How does the Great Depression affect Of Mice and Men?

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The nearly tangible presence of the Great Depression in Steinbeck's Of Mice and Men affects both the overall plot structure of the story as well as Steinbeck's style.

Firstly, the historical reality of the Depression is accurately shown through Steinbeck's main characters of George and Lennie as well as the...

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The nearly tangible presence of the Great Depression in Steinbeck's Of Mice and Men affects both the overall plot structure of the story as well as Steinbeck's style.

Firstly, the historical reality of the Depression is accurately shown through Steinbeck's main characters of George and Lennie as well as the characters with whom they come into contact. Throughout the novella, George and Lennie discuss their need to travel to find work because work is so scarce, and they have to prove their worth to both The Boss, the owner of the ranch, and Slim, the understood leader of the ranch hands, demonstrating, too, the scarcity of money. Even small events in the plot such as the anecdote that The Boss once had a gallon of whiskey delivered to the ranch hands on Christmas demonstrates the economically destitute backdrop for the novella. Similarly, the dream that George and Lennie have to own and run their own place is described as something that is almost "too good to be true" because it would require more funds than seems attainable.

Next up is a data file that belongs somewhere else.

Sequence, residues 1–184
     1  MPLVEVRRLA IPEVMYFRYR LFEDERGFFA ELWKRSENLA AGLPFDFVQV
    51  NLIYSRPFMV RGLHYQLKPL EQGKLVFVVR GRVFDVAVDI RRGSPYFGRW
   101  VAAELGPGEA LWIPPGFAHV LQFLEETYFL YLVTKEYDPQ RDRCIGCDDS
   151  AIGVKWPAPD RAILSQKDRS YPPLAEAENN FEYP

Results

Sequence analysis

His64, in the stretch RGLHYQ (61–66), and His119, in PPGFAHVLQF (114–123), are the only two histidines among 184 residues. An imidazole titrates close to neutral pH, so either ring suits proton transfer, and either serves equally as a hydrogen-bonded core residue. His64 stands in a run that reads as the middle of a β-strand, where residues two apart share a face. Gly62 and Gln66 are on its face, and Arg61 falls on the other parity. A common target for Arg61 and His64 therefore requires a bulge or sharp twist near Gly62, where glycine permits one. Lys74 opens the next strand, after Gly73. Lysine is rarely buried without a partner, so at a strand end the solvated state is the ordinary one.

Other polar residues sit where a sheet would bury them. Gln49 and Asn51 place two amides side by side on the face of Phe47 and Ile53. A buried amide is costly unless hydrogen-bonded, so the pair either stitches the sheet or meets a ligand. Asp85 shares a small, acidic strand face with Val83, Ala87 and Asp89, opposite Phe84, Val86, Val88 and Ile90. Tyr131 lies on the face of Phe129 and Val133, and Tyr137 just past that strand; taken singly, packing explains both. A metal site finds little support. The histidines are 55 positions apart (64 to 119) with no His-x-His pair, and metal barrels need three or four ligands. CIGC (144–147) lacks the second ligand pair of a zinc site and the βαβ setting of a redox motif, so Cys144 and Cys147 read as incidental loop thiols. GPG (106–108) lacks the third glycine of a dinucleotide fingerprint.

Because the Depression has severe consequences for the ways in which people can live their lives in the story, Steinbeck's characterization and language seem to mirror a similar depression. It's as if, because of the harsh economic times, Steinbeck's characters are intentionally stripped of all superfluity and are left with only the harsher aspects of their personalities, which they need to survive. All characters, with the possible exception of Slim, consistently demonstrate an overall frustration with their lives and take it out on others. For example, Curley is jealous, Crooks is bitter, and Carlson is angry. The dialogue throughout the novella, too, demonstrates a shortness and lack of depth.

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Of Mice and Men was published in 1937 during the Great Depression, and it's this period of American history that provides the background against which the novel is set. One of the most serious economic consequences of the Depression was mass unemployment. Large numbers of men found it nigh impossible to find a job, and so they left their homes and communities to look for work elsewhere. Even then, the best that many could hope for was manual labor or seasonal work. This is the situation in which Lennie and George find themselves; they are migrant farm laborers, traveling from place to place in search of work. It is this world of economic insecurity and exploitation that is encapsulated by Steinbeck in Of Mice and Men.

One of the themes of the book is reality versus dreams. Most of the characters in the story harbor one kind of dream or another. Lennie and George want to have their own ranch; Curley's wife dreams of making it big in the movies. But both those dreams are ultimately destroyed by the harsh realities of life in Depression-era America. The Great Depression challenged as never before the whole idea of the American Dream, undermining its legitimacy as an inspiring national myth. In Of Mice and Men the Depression holds people back, prevents them from aspiring to something better in life. It acts as a means of reinforcing existing inequalities of race, wealth, and power. In this sense, the ranch in the Salinas Valley where the story is set provides us with a glimpse in microcosm of the wider social realities of the Great Depression in the United States as a whole.

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